The second of the original sticks eggs cost $2.89 reaches a wheel what could I buy instead of eggs for the same price? 1. A gallon of gas 2. A kilowatt of electricity 3. A bag of ice melt (and so on).

The third original stick we bought this carton on March 22nd reaches a wheel..."

He was looking at me really strangely now.

"Anyway, you get the idea. After all those thoughts are done branching and platforming and branching and platforming and branching inside, you pool all of the information you have gathered and use that to make a decision: to purchase another carton of eggs or not. If you choose to purchase, you then walk over to the list and write Eggs. I'm just impressed with all the extra stuff your brain does as compared to mine, that's all." I shrugged.

"That's all," he muttered sarcastically.

I made a face at him.

"Okay, what did you write for question three?" he wanted to know.

"Love like Jesus does," I read to him from my workbook.

He did a double-take. "WHAT? That's it?"

I laughed aloud. "Yes. That's it."

"But... Well, how did you come up with that?" and he began to list all the ways that God wants us to love.

I interrupted, "That exact phrase was in the Scripture reference we read. I just copied it right out of the Bible.

"Yeah, I saw it in the verse, but that's so simple."

Yep. Just like my brain, apparently!
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4 Responses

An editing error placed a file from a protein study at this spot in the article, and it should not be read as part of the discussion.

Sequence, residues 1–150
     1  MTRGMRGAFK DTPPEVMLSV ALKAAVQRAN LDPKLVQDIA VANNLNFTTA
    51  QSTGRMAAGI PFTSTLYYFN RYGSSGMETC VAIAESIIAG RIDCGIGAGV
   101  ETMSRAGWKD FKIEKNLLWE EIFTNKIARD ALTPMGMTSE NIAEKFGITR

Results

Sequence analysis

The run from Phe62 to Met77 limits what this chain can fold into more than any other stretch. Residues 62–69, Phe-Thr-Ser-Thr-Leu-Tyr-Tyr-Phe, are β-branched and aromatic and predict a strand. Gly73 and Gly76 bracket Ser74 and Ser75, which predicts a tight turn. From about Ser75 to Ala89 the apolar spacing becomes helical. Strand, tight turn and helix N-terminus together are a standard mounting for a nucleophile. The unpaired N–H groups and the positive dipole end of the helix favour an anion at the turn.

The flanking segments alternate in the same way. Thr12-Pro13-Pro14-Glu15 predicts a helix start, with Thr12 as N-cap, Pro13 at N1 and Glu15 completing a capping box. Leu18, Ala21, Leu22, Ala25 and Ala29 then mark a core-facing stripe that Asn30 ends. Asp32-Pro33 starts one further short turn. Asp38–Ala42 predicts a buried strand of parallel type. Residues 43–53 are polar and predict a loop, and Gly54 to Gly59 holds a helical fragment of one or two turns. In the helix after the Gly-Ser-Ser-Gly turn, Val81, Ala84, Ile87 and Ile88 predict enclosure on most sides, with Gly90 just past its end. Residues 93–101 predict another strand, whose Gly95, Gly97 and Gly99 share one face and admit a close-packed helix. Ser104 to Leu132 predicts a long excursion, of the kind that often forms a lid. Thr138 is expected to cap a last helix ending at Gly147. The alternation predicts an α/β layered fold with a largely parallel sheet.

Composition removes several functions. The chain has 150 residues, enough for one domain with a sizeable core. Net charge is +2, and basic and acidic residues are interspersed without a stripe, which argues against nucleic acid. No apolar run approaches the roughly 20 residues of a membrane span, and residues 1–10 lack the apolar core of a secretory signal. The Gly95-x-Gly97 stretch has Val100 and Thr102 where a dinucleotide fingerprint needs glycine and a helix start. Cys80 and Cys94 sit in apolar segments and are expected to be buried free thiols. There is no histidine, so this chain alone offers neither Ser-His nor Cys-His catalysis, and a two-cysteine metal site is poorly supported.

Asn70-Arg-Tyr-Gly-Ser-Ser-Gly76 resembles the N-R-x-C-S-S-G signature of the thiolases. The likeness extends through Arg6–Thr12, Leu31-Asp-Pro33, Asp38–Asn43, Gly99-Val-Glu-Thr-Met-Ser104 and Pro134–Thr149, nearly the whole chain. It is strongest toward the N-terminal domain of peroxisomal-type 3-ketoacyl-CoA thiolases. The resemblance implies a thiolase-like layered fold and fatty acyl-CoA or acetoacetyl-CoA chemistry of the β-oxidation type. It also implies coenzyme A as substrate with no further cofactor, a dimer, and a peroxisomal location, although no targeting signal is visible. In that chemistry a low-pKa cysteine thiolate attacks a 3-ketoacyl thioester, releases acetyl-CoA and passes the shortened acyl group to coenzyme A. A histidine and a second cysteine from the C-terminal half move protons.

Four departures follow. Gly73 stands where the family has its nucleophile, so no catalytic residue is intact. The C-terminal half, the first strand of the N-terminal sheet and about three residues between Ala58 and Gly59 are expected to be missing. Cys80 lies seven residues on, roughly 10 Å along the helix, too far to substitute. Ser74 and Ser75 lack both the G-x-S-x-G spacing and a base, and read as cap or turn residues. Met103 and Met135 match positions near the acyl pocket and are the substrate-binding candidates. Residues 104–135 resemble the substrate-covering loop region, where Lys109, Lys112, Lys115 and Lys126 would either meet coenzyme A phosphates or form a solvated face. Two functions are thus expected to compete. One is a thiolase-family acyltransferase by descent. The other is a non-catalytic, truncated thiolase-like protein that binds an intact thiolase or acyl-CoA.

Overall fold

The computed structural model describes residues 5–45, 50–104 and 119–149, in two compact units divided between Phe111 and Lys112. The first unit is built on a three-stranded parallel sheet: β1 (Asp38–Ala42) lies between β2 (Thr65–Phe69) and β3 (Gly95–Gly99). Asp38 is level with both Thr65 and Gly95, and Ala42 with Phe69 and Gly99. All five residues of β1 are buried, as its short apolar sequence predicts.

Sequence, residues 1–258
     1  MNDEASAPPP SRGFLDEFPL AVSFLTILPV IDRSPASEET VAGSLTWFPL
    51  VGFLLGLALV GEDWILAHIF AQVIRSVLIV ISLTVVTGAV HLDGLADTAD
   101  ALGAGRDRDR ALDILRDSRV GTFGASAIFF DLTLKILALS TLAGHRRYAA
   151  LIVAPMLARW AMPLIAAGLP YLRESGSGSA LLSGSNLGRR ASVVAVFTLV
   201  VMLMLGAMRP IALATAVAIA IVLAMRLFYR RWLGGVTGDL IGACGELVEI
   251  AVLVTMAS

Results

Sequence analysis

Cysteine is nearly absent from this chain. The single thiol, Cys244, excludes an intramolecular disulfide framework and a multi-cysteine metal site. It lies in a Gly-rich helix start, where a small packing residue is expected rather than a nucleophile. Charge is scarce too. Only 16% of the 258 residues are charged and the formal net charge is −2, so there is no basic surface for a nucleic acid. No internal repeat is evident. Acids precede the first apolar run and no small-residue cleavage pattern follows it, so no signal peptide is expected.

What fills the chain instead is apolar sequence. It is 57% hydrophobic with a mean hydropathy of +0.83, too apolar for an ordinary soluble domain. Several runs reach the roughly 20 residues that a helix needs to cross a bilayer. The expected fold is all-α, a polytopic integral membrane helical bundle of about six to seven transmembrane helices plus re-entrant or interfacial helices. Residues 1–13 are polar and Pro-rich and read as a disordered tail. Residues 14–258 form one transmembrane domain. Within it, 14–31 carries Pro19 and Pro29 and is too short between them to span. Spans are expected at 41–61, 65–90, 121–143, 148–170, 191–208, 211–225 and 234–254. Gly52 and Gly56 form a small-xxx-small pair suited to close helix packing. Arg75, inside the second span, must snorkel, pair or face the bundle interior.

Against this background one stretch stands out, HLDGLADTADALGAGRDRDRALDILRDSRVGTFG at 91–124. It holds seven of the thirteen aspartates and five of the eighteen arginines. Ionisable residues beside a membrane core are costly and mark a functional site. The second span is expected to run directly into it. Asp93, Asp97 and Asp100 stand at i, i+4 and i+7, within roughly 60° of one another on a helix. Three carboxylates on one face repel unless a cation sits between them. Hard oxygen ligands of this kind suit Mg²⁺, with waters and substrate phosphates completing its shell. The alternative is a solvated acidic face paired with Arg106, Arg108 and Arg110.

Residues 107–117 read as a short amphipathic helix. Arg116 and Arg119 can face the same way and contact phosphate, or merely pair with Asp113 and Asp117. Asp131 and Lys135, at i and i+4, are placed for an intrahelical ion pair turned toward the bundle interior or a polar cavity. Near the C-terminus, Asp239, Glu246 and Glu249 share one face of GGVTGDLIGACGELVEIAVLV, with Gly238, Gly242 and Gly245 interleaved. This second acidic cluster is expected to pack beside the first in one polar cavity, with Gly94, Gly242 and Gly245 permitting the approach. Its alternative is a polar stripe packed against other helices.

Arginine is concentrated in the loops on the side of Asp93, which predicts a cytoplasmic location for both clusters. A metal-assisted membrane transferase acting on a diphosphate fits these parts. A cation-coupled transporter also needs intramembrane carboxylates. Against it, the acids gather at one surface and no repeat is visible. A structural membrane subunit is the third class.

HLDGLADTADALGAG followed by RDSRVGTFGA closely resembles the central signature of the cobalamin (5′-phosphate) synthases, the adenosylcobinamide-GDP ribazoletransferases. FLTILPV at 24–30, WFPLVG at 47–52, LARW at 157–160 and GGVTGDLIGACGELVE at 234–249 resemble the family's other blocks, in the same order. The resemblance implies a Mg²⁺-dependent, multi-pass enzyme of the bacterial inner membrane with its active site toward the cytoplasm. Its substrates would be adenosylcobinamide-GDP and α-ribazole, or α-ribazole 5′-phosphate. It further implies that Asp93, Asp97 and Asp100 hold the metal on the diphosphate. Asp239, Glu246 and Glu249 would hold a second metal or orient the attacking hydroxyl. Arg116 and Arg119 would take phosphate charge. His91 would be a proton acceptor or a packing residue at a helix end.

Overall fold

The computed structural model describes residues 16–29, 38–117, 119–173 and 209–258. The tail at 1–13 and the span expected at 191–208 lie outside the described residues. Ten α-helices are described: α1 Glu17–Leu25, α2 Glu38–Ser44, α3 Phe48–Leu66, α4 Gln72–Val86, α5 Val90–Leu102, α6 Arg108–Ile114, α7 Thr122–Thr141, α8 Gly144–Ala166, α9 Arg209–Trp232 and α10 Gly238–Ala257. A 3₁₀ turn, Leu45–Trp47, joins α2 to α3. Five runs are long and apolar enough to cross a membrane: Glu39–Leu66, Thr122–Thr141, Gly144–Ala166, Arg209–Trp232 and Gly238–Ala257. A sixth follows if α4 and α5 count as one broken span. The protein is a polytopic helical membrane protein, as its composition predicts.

1. Anonymous Says:

    I love the thought of sitting down together like that and having a discussion based around the Bible. I don't know (between me and Rod) if either of us has a straightforward brain, but I can focus enough to make a shopping list, LOL. Then again, he can focus enough to invent entire game systems, and I have a short attention span. In fact, I've already forgotten what the purpose of this comment is.

  2. Que Says:

    Most of the time I'm with Jeremy. But he lost me on this one. I have a lot of idea and theories but when posed with a question or problem, I always go simple first. I only take the situation as complicated as it needs to be. So let him know that sometimes you can complicate yourself out of an answer! You guys are funny, though. :)

  3. Suanna Says:

    I read this post and we were both laughing. He said he can totally see Jeremy doing that. Thanks for the insight into my wonderful man's brain. I'm sure they are quite alike in some areas. Now I can just tell him to stop playing with his tinker toys, because my train has already arrived at the station :)

  4. Amy H Says:

    This is too stinkin' funny! I love, love to read your writings....please, please write a book!!!!! Oh yes, I have told you that before : )